Saturday, February 4, 2023

Proton Resolves Semiconductor Degradation Issues

By Jay Soni

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Researchers solve degradation problems-“single Shockley stacking faults”-in silicon devices by injecting protons into the substrate.

Silicon carbide (SiC) is a promising alternative to silicon for power electronic devices, but has low reliability for undergoing bipolar degradation. Now, researchers from Japan have proposed a method that can suppress bipolar degradation in SiC via proton implantation into the substrate using a particle accelerator. Credit: Masashi Kato from Nagoya Institute of Technology

Silicon Carbide(SiC) is a promising alternative to silicon for power electronics devices, but it has low reliability as it eventually degrades. It offers benefits such as a high power density and reduced power losses at high frequencies even at high voltages. But the problem with SiC is bipolar degradation. This means that over a period of time, small dislocations take place in the crystal structure which eventually turn into large defects.

These defects are called “single Shockley stacking faults,” which result in progressive degradation of performance and cause the device to fail. Although some methods to mitigate this problem exist, they make the device fabrication process more expensive.

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Researchers from the Nagoya Institute of Technology, have developed a solution called “proton implantation” which prevents bipolar degradation in 4H-SiC—a SiC type with superior physical properties—semiconductor wafers when applied prior to the device fabrication process.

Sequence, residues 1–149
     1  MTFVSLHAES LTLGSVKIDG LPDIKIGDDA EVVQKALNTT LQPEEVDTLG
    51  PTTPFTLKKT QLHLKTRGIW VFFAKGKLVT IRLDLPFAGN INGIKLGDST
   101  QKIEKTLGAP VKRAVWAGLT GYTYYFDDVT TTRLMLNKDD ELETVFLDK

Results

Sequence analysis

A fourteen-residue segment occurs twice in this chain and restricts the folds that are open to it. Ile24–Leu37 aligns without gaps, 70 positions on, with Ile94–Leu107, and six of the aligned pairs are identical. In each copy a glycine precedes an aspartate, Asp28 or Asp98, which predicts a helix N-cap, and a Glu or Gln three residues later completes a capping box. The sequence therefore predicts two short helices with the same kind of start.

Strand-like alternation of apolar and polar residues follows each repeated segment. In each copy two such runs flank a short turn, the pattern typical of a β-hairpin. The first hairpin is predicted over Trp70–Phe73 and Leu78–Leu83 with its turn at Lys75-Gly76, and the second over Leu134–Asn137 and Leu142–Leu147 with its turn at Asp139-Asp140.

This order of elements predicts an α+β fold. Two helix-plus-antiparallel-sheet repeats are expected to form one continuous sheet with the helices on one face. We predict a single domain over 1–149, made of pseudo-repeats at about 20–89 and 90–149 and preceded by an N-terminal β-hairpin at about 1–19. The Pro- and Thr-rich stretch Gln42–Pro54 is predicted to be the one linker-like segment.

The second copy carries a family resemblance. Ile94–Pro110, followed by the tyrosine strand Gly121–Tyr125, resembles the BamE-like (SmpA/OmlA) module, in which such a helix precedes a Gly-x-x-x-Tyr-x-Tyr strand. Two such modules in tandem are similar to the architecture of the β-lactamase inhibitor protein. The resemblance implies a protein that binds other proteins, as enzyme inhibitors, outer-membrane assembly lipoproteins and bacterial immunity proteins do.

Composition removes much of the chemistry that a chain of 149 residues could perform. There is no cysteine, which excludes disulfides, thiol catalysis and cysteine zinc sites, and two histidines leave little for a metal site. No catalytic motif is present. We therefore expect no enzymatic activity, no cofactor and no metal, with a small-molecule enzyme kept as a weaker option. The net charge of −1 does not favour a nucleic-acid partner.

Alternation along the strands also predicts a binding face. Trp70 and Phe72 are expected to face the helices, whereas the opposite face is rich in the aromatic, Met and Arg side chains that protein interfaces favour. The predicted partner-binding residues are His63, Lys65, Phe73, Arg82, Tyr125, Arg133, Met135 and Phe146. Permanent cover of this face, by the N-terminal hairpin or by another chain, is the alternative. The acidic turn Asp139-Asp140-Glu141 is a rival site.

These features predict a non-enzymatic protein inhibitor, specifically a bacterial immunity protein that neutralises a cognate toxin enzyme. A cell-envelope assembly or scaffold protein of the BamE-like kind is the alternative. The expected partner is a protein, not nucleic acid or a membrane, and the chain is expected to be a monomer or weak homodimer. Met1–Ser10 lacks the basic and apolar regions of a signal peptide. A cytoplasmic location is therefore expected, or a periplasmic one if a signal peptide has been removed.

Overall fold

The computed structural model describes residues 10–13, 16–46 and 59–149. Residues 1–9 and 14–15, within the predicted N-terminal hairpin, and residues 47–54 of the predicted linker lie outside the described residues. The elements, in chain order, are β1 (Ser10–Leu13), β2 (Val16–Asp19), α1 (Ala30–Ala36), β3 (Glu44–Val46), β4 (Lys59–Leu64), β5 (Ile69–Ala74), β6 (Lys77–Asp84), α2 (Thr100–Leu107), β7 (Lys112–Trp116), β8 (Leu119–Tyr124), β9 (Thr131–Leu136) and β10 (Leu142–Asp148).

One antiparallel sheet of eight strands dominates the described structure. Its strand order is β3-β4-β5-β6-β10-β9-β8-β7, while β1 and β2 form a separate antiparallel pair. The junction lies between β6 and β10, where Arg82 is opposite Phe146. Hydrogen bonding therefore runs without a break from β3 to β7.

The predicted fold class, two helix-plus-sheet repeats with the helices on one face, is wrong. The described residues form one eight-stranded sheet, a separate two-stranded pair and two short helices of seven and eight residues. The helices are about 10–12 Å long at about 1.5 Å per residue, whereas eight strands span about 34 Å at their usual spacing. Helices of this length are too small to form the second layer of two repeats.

Proton implantation involves “injecting” hydrogen ions into the substrate using a particle accelerator. The idea is to prevent the formation of single Shockley stacking faults by pinning down partial dislocations in the crystal, one of the effects of introducing proton impurities. However, proton implantation itself can damage the 4H-SiC substrate, due to which high-temperature annealing is used as an additional processing step to repair this damage.

They then analyzed the current–voltage characteristics of these diodes and compared them to those of a regular diode without proton implantation. Finally, they captured electroluminescence images of the diodes to check whether stacking faults had formed or not.

Electroluminescence images of PiN diodes made from silicon carbide after being subjected to electrical stress. In the first diode (a), on which proton implantation was not applied, expanded stacking faults show up as dark regions. The other three diodes (b, c, and d) undergo proton implantation at increasing hydrogen ion doses. Contrary to the first diode, these exhibit no stacking fault expansion and, in turn, bipolar degradation. Credit: Masashi Kato from Nagoya Institute of Technology

Results showed that the diodes that had undergone proton implantation performed as well as regular ones but without signs of bipolar degradation. The deterioration of the current–voltage characteristics of the diodes caused by proton implantation at lower doses were not significant. However, the suppression of the expansion of single Shockley stacking faults was significant.

Researchers hope that this work will help in development of more reliable and cost-effective SiC devices that can reduce power consumption in trains and vehicles.

References : Masashi Kato et al, Suppression of stacking-fault expansion in 4H-SiC PiN diodes using proton implantation to solve bipolar degradation, Scientific Reports (2022). DOI: 10.1038/s41598-022-23691-y


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